Garden Guru: Rhubarb has gone from ancient medicine to pie
CHARLESTON, W.Va. -- Used by the ancient Chinese as medicine and prized as food and medicine by Europeans, rhubarb is a plant that is undergoing a resurgence in popularity.
The tasty perennial is at home in both the vegetable garden and in the landscape bed. The quintessential American rhubarb dish is pie, to which some cooks add strawberries (a sacrilege to rhubarb purists such as myself), but the herbaceous jewel is branching out into other culinary pursuits these days.
The earliest records of rhubarb date to 2700 B.C. in China, where the root of a closely related relative was praised for its purgative qualities (this requires no further explanation). Marco Polo is credited by some with bringing the curative Chinese rhubarb to the West in the 13th century, and numerous Chinese emperors are said to have banned its trade to the West over the centuries.
The genus name Rheum is derived, some say, from Rha, the ancient name of the Volga River, where it grows wild. Others credit the name to the Greek "rheo," meaning "to flow" -- a reference to the aforementioned purgative qualities.
Rheum rhabarbarum, the culinary rhubarb we enjoy today was first recorded in Europe a few years after the Revolutionary War, with its first recorded use as a filling for tarts, which shows that old habits do indeed die hard. Most records indicate that a New England gardener brought seeds or roots to America between 1790 and 1800, but some sources also cite the well-traveled Benjamin Franklin as the first who brought the plant to us.
Rhubarb is a member of the Polygonaceae family, along with buckwheat, sorrel, dock, smartweed and the reviled noxious Japanese knotweed. The edible part of the plant is the stalk, which is the petiole of the leaf. The leaves do contain high levels of oxalic acid, which can cause weakness, nausea, gastrointestinal issues, kidney damage and even coma and death (though sources say you would have to eat more than 10 pounds of leaves for a fatal effect).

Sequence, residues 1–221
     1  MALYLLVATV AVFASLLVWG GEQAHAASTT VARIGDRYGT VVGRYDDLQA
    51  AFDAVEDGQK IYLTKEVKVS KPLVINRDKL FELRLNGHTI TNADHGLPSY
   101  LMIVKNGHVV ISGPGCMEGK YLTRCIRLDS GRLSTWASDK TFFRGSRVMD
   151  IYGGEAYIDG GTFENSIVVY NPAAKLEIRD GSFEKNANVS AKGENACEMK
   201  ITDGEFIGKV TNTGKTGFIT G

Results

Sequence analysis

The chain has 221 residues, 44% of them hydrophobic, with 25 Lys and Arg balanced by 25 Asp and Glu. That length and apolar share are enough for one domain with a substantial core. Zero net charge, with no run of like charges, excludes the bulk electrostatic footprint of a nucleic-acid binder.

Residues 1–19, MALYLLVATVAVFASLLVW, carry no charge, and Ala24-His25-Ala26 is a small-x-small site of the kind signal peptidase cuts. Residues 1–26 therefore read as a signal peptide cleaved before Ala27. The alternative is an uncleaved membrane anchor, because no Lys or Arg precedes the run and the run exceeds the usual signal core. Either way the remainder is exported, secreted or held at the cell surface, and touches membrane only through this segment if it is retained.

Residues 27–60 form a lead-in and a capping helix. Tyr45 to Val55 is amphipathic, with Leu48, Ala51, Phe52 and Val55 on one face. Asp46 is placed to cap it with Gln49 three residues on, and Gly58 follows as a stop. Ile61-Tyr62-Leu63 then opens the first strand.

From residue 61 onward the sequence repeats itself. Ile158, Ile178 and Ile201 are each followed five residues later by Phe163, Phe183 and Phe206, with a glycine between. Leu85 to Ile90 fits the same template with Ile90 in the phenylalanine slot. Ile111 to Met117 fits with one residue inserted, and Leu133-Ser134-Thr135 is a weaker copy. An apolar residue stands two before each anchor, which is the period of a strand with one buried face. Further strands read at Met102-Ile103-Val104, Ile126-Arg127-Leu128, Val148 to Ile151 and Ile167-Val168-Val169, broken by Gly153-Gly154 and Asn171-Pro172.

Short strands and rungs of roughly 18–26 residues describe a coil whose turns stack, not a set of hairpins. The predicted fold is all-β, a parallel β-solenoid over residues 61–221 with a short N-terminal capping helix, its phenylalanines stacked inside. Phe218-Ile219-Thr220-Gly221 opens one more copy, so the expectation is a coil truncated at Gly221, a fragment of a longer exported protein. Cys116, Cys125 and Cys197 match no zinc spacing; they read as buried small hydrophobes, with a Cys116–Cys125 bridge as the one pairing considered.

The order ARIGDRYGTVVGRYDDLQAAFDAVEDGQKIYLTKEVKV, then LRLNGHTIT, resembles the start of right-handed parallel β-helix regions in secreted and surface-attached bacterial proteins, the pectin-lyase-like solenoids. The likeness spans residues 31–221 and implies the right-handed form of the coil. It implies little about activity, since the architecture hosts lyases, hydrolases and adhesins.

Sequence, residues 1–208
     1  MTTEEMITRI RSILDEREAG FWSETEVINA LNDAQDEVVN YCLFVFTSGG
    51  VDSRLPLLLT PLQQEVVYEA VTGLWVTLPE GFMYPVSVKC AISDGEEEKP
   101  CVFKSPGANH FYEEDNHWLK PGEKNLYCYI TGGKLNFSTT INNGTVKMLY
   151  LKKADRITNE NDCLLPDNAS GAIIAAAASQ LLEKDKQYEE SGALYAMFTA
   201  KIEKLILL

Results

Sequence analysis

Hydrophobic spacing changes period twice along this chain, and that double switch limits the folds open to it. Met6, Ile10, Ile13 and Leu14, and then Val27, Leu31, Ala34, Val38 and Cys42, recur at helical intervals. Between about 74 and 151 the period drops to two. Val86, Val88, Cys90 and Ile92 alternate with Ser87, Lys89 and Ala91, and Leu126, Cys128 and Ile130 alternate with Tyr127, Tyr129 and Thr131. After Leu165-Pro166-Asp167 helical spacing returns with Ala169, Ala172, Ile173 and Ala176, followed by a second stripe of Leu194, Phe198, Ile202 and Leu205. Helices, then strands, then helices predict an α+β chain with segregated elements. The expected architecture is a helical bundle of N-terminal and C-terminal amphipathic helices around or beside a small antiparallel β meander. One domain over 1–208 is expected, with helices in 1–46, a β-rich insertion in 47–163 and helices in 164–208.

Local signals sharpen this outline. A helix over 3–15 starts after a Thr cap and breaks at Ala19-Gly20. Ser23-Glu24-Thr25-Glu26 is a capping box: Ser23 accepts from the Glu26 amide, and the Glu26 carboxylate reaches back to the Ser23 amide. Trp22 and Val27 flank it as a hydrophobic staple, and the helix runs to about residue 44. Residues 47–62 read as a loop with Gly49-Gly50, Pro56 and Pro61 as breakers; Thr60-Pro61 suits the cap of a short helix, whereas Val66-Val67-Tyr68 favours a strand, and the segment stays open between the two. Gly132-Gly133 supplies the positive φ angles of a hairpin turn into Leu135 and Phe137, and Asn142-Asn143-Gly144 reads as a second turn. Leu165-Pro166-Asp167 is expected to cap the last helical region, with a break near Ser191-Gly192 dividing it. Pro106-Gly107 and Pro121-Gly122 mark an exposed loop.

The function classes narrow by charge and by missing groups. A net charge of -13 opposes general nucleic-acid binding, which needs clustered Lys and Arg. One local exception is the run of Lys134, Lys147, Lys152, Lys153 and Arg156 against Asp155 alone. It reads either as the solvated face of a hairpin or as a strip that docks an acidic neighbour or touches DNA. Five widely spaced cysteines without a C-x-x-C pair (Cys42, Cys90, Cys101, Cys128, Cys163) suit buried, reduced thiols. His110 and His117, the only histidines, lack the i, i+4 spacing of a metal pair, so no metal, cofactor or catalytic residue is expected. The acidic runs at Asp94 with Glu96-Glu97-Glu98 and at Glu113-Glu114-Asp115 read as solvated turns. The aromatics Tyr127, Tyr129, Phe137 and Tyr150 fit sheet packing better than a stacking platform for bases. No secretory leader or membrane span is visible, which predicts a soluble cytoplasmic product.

The presence of oxalic acid in the leaves makes the plant unpalatable to deer. It is present in small amounts in the stalks as well, which accounts for the tart flavor of rhubarb. The level in the stalks is far below the amount needed to induce illness, but it would be wise not to eat too much (recall that purgative effect we discussed earlier).
There are several varieties available to home gardeners, including the red-stalked Crimson Red, Canada Red, McDonald and Valentine varieties and the green-stalked Victoria variety. Plants can be started from divisions or from seeds, but all rhubarbs are hybrids and seed-started plants might not resemble the parents. Plants prefer well-drained soil high in organic matter with a pH ranging between 5.5 and 6.5 and should be planted in full sun. Remove flower stalks as they develop to keep the plant strong and healthy.
Rhubarb shouldn't be harvested until the second year, with a full harvest waiting for its fourth year. To harvest, grab stalks at the base of the leaf and pull sideways or cut at the base. You can harvest up to two-thirds of a mature plant at one time, and I have heard that you should stop harvesting for the year when the stalks get no bigger than your pinkie finger.
The plant is relatively care-free, with only some minor insects and diseases to worry about. The rhubarb curculio is a weevil that can damage plants, along with some borers, but damage is rare. Possible diseases of rhubarb include fungal leaf spot and crown rot, but proper plant spacing, watering and soil draining make problems rare. I have had issues with slugs dining on rhubarb leaves in the past, but I do have an overabundance of giant slugs in my landscape. As long as they leave the tasty stalks alone for my pie, we can live in peace.
I found the following super-simple recipe for rhubarb pie, and it has now become my standard for summer potlucks. The secret of this recipe is that you put a layer of sugar around the rhubarb, which caramelizes in the oven and keeps the crust crisp and flaky. I get rave reviews about the pie and my flaky pie crust recipe (which I unroll from a box -- shhh).
Fresh Rhubarb Pie
4 cups chopped rhubarb stalks
1 1/3 cups white sugar
6 tablespoons all-purpose flour
1 tablespoon butter
Your favorite double pie crust "recipe"
HEAT oven to 450°.
COMBINE sugar and flour. Sprinkle 1/4 of the mixture evenly in the bottom of the pie crust in the pan. Heap the rhubarb on top of the mixture and cover the heap with the remaining sugar/flour mixture. Dot with small pieces of butter and cover with top crust.
PLACE pie on lowest oven rack and bake for 15 minutes. Reduce oven temperature to 350° and bake an additional 40 to 45 minutes. Serve warm or cold.
John Porter is the WVU Extension Service agent for agriculture and natural resources in Kanawha County. He may be reached at firstname.lastname@example.org or at 304-720-9573. Twitter: @WVUgardenguru.